Log in to access ShareFile

Forgot your password? powered by Citrix ShareFile
ACap Asset Management
Protecting Your Financial Health
As Seen In
  • The Wall Street Journal
  • Kiplinger
  • FIdelity
  • AdviceIQ
  • USA Today
  • The Washington Post
  • Nasdaq
  • Reuters
  • Investment News
  • Business Insider
  • The Huffington Post
  • Money
  • Yahoo Finance
  • Christian Science Mentor
  • credit.com
  • Physicians Practice
  • NerdWallet
  • El Nuevo Herald
Fee-Only Financial Planning and Investment Services
For health care professionals, business owners, and individuals
Get a pulse on your financial position

April ACap ReCap

1. How can I estimate how much I will need during retirement?
This question comes up often because when we prepare financial plans for clients, we usually ask how much they want to spend during retirement. Understandably, the question is not easy to answer. When preparing a financial plan, we initially assume a person will need 70 percent of their current living expenses during retirement and increase or decrease the amount based on the likelihood of meeting the target that goal. For example, if your current annual living expenses are $120,000, we would begin your financial plan assuming you will spend $84,000 a year during retirement. If the results of your plan are unfavorable, we will recommend a combination of the following: save more, retire later, and/or reduce how much you plan to spend during retirement.

2. My son is about to start college. How can I withdraw money from my 529 plan to pay for my son’s college?
It is very easy to withdraw money you have accumulated in a 529 plan. You can either have the funds wired or mailed to you personally and you pay the college expenses, or you can have the 529 plan sponsor pay the school directly. The 529 plan sponsor will issue you a 1099Q to reflect the disbursement, but it will not indicate whether the withdrawal was qualified or non-qualified. You must keep records to show the funds were used to pay for college related expenses. If you need help setting up a college savings account, please contact us.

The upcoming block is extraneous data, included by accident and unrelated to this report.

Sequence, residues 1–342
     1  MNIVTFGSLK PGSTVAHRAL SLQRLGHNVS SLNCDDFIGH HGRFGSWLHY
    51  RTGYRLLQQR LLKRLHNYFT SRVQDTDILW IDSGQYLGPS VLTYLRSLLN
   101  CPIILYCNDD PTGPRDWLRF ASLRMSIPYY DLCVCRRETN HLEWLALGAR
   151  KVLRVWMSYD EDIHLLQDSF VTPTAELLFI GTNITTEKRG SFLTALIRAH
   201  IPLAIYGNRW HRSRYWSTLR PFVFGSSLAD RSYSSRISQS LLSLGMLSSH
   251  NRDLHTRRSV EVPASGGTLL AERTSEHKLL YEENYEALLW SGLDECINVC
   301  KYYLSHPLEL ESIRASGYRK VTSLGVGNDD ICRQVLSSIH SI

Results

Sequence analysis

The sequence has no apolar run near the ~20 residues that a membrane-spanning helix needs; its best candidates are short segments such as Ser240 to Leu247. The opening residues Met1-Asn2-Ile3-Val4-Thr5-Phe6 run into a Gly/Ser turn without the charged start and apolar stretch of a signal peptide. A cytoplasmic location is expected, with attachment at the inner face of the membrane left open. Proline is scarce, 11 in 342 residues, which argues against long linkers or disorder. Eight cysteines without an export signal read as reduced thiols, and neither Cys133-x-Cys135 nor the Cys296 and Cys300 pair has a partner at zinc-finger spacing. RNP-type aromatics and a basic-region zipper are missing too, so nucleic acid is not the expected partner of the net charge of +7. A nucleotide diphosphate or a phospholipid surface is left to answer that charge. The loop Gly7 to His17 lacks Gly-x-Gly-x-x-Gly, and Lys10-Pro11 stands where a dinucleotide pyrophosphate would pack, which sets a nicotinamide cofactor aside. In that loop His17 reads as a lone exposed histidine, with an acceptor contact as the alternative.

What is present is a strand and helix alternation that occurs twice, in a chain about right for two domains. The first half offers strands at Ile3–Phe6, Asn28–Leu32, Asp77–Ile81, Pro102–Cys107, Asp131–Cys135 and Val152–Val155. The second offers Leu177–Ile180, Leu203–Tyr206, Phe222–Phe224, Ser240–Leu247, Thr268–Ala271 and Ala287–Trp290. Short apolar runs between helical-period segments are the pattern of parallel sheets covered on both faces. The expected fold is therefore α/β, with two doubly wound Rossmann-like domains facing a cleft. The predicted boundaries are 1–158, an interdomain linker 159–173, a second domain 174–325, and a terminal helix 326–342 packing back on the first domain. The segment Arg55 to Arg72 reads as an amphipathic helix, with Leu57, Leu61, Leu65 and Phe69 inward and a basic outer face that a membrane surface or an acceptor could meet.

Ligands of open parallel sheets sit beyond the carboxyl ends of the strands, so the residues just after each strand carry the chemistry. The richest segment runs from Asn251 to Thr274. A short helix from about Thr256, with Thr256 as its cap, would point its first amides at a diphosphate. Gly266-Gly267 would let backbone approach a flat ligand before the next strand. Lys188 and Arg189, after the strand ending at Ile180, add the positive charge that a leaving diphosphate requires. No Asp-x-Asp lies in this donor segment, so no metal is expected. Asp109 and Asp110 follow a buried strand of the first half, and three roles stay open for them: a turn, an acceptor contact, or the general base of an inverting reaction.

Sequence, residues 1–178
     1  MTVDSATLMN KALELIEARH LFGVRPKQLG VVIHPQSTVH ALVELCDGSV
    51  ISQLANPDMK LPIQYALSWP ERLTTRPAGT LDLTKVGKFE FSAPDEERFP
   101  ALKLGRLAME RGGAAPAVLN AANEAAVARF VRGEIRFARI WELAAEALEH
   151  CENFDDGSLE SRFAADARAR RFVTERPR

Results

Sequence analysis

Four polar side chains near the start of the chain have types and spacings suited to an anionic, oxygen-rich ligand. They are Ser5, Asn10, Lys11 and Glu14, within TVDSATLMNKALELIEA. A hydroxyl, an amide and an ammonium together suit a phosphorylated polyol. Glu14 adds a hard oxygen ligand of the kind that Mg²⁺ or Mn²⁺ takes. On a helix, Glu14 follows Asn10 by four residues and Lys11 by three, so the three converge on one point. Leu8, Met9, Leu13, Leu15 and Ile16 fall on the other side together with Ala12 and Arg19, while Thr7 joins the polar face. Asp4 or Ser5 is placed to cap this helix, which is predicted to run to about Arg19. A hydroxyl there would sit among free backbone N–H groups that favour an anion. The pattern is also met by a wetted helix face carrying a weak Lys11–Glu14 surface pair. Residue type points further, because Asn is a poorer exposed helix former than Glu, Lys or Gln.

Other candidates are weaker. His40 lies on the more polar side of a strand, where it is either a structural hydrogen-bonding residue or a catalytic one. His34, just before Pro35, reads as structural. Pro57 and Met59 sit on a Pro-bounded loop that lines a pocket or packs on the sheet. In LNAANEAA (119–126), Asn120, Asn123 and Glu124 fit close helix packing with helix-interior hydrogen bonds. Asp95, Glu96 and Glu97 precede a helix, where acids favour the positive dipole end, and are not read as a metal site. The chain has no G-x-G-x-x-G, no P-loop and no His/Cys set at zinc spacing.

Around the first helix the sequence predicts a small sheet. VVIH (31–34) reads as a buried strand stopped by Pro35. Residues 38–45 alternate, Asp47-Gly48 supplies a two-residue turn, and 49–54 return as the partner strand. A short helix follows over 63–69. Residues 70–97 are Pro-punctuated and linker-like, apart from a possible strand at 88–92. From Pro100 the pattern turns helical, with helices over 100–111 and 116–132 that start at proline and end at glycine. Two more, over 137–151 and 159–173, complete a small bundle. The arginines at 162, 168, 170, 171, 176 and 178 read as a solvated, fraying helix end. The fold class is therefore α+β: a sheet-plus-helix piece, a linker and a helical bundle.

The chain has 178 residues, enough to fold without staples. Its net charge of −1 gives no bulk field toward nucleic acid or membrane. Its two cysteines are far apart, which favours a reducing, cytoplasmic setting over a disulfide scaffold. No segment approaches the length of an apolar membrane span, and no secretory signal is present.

3. What is the wash-sale rule?
We recently received this question from a friend who is aware of the wash-sale rule, but did not fully understand its nuances and as a result, his loss was disallowed. A wash-sale occurs if you sell an asset to recognize a loss and repurchase the same or similar asset within 30 days. Suppose you own shares of the S&P 500 index ETF (SPY) for which you paid $180 per share and the price is now $150 per share. If you sell SPY to recognize the $30 per share loss, you must wait at least 31 days before you can repurchase SPY (or another S&P 500 index fund) to be able to recognize the $30 loss. Most people, including our friend, assume the wash sale rule applies only on future purchases, but the IRS guideline (publication 550) is very clear: “A wash sale occurs when you sell or trade stock or securities at a loss and within 30 days before or after the sale you” repurchase those shares. In our friend’s case, he purchased additional shares 30 days before selling them and thus his loss was disallowed.

Have a financial question? Contact ACap Asset Management at info@acapam.com or 818-272-8511.

Ara Oghoorian, CFA, CFP® is the president and founder of ACap Asset Management, Inc., a “Fee-Only” investment management firm located in Los Angeles, CA specializing in helping doctors and physicians make sound financial decisions. Visit us at www.acapam.com